...

Err... Yeah. Just don't copy the Office 2004 interface. It really is terrible. (Well and truly!)

Great news but... (2, Informative)

squoozer (730327) | more than 6 years ago | (#22795142)

This is great news. I've been using OOo for ages but lets face it before 2.0 it wasn't really up to scratch and even 2.0 has some pretty rough corners. I'm hoping that the release of 3.0 which sounds like it will have added all the missing features will also indicate the start of the "polishing" of this great product.

Office 2007 ... still good enough (-1, Troll)

PC and Sony Fanboy (1248258) | more than 6 years ago | (#22795160)

Well, since I've got office 2007 already, why would I switch?

I've use openoffice before, and it is good because it is free and has all the functionality I need, but so does wordpad (it does!) and I've already got a copy of office 2007.

The major benefit I see is the competition - competition is always good for the consumer - but considering the widespread use (and support) of ms office, I don't really see ANY compelling reasons to switch. I'm sure someone will say "Don't support MS" - sure, good argument - but I'm I'm looking for reasons to leave office07 - I've already got it installed, and don't have problems with it.

I guess the real question is "How does this make me more productive?"

Re:Office 2007 ... still good enough (4, Insightful)

stoolpigeon (454276) | more than 6 years ago | (#22795320)

Don't switch. If you are happy and have already ponied up for windows and office - have a great time. For those of us running other platforms and unwilling to get on the MS treadmill, this is good news. If for some reason you feel a need to move later, OOo will be there waiting.

Re:Office 2007 ... still good enough (1)

PC and Sony Fanboy (1248258) | more than 6 years ago | (#22795478)

I'm sure someone will say "Don't support MS" - sure, good argument - but I'm I'm looking for reasons to leave office07
Did you read the article? How about my comment?

How is this marked as insightful?

He/She might be an insightful individual, but this comment is more trolling than (and completely irrelevant to) my original question!

Re:Office 2007 ... still good enough (2, Insightful)

stoolpigeon (454276) | more than 6 years ago | (#22795660)

I read it - and you said your main question was "How does this make me more productive?" and my answer stands - "It doesn't". OpenOffice.org is not 'better' than Microsoft Office from a standpoint of pure utility if you find Windows to be an acceptable platform. In fact Microsoft Office has some features and capabilities that OpenOffice.org does not have.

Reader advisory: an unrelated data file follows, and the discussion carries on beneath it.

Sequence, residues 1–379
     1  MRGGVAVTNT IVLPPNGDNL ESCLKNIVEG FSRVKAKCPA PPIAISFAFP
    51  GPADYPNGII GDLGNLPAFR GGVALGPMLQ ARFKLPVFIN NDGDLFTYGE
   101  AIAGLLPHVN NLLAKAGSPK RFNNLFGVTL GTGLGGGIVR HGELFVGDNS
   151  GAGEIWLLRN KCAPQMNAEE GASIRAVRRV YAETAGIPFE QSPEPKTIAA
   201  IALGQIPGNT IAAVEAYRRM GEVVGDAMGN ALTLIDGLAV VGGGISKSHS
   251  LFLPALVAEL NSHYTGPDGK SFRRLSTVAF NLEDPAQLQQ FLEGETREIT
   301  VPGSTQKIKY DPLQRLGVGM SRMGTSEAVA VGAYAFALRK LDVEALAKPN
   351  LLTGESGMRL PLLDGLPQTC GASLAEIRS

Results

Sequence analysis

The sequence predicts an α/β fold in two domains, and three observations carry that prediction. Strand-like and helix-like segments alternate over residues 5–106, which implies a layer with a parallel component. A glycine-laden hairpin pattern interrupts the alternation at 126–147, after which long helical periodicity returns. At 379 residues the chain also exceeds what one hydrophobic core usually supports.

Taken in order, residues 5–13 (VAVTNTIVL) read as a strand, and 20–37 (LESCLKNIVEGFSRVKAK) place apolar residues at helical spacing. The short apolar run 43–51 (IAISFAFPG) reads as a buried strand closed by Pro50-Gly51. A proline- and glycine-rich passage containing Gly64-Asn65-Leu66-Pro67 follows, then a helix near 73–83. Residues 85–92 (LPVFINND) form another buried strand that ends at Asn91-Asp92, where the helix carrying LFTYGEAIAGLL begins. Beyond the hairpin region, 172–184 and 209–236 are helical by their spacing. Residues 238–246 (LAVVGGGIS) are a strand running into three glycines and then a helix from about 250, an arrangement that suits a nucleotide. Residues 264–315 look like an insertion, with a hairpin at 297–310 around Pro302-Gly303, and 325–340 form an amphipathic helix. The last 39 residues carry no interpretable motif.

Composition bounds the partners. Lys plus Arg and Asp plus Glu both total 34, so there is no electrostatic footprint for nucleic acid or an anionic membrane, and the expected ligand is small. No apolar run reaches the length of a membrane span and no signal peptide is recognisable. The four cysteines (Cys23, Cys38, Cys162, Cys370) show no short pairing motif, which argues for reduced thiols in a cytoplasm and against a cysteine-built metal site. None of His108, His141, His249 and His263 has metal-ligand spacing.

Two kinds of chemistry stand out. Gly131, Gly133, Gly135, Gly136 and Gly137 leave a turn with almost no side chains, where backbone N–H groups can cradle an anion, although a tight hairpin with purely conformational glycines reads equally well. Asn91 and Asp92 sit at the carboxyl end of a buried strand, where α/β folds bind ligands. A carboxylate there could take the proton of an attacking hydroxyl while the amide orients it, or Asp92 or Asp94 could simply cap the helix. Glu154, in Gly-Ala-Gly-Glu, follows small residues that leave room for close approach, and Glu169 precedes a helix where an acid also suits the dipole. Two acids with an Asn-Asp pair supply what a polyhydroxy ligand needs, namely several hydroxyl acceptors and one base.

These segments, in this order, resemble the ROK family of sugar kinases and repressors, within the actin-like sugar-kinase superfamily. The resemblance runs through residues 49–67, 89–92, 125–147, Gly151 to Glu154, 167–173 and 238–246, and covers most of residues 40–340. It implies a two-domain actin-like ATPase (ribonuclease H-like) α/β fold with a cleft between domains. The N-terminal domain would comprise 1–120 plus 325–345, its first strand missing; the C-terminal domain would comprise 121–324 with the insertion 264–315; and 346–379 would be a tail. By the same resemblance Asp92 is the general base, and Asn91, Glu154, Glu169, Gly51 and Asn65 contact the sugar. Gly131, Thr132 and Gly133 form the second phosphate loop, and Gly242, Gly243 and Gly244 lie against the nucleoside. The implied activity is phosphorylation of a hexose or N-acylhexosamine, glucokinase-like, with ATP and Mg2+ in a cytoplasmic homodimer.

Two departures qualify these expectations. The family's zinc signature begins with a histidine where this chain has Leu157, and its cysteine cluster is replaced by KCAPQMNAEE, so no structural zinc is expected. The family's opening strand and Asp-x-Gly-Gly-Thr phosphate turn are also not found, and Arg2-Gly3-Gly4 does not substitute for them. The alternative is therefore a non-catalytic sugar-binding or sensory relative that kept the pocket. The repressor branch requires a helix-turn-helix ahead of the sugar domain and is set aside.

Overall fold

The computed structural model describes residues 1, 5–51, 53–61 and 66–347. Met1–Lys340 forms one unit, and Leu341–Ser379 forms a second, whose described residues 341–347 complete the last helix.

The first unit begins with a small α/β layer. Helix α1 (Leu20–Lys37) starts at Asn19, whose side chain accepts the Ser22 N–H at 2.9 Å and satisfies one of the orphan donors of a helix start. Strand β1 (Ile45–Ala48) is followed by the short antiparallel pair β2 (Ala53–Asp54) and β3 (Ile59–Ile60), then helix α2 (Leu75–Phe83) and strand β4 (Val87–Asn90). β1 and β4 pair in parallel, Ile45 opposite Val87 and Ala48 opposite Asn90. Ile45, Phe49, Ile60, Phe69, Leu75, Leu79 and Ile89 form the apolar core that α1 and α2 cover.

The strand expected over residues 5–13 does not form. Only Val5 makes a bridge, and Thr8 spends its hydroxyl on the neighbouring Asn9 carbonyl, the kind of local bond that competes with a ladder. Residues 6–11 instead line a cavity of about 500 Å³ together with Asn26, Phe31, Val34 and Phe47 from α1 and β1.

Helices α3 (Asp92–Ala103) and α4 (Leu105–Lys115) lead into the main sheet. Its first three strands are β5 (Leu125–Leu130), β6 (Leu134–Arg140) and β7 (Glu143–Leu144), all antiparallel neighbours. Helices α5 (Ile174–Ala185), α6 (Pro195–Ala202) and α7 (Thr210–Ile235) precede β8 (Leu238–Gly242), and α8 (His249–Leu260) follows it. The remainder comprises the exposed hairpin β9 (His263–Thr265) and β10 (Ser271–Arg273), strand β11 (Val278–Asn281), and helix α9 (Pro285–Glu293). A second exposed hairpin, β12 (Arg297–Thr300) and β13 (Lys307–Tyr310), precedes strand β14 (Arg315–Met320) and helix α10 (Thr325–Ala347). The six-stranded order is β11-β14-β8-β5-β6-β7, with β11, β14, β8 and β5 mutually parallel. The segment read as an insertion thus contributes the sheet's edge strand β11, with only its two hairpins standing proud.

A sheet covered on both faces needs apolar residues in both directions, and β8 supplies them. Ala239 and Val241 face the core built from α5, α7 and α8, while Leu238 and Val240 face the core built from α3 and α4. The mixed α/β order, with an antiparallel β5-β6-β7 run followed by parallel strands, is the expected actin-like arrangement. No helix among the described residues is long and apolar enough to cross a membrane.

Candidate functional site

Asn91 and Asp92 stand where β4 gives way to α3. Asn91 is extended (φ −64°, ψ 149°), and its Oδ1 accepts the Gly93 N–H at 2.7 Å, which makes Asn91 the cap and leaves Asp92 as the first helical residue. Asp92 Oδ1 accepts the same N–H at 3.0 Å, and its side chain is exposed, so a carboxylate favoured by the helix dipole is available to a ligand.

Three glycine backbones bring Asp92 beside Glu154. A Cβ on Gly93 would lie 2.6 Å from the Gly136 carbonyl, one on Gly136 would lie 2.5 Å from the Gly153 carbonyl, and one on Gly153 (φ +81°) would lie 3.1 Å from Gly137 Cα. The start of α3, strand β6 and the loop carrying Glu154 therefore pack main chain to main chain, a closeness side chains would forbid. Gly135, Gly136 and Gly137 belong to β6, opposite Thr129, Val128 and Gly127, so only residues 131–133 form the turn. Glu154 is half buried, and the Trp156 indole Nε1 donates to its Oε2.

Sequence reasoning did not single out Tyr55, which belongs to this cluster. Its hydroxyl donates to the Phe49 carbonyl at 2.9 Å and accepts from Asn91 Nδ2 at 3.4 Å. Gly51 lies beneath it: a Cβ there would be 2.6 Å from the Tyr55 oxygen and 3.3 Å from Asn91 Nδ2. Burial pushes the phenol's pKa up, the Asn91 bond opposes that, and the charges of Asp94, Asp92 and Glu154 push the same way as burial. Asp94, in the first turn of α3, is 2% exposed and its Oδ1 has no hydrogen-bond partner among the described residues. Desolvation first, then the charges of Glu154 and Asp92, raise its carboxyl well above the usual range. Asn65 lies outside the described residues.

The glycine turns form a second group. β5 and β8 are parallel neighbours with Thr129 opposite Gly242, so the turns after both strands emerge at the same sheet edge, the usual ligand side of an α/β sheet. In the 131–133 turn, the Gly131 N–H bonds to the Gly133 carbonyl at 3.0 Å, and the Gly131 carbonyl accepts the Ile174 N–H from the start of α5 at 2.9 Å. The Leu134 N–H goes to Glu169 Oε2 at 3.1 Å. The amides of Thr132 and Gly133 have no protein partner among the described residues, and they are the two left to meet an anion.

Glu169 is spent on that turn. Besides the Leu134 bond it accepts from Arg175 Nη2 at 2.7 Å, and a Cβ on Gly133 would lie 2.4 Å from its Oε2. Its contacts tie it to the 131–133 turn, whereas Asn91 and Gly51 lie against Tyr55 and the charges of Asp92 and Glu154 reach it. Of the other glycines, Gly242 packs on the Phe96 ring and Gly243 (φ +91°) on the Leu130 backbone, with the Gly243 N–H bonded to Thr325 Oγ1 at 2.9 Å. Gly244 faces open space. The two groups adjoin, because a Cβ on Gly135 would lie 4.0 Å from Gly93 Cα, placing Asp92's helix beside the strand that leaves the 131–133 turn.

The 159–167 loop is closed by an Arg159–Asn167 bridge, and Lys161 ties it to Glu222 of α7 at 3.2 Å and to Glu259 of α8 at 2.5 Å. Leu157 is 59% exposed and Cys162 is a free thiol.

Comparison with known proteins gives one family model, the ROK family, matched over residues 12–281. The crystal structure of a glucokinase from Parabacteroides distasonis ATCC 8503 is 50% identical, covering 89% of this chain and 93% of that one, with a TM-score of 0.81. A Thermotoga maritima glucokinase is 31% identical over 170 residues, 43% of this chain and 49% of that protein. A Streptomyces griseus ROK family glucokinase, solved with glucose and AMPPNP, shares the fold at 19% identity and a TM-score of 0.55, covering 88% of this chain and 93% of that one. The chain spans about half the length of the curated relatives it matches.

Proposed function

So I'm not sure what you seem upset about. That you couldn't incite some kind of flameage over this?
 
Me I use OpenOffice.org on Windows and Linux because I have a lot more considerations that are important to me and I value freedom over immediate utility. Your post implies that this is not the case for you. And as I said, should that change - it will be there for you. With no cost to download and install beyond a bit of bandwidth and a very small amount of time, try it out if you are really curious.

Re:Office 2007 ... still good enough (4, Insightful)

TheMeuge (645043) | more than 6 years ago | (#22795322)

Sure, if you installed a pirated copy of Office 2007, on a pirated copy of Windows, and you're happy with the functionality of both, you won't see any advantage. But for those who do not want to go down that road, the options are to purchase a $100 copy of Windows and fork over another $150-300 for the Office suite (depending on pricing).

But some of us prefer Linux to Windows or MacOS, and many others have problems with Office 07. For us, this is big and exciting news.

I understand that as long as it works for you, you don't give a damn about anyone else, but if that's the case, please choose not to care a little further, and refrain from posting.

Re:Office 2007 ... still good enough (1)

PC and Sony Fanboy (1248258) | more than 6 years ago | (#22795414)

Or if my computer came with a copy of windows, and I got an educational copy of office from my school and have full access to ms tech support, it isn't worth the trouble?

The original post wasn't meant to troll for comments - but it appears that it has - does anyone have any COMPELLING reasons to switch? Because I havn't seen any advantage in switching, and I have no problems switching to a superior (for my needs) product.

Re:Tastes Differ (1)

TheMeuge (645043) | more than 6 years ago | (#22795482)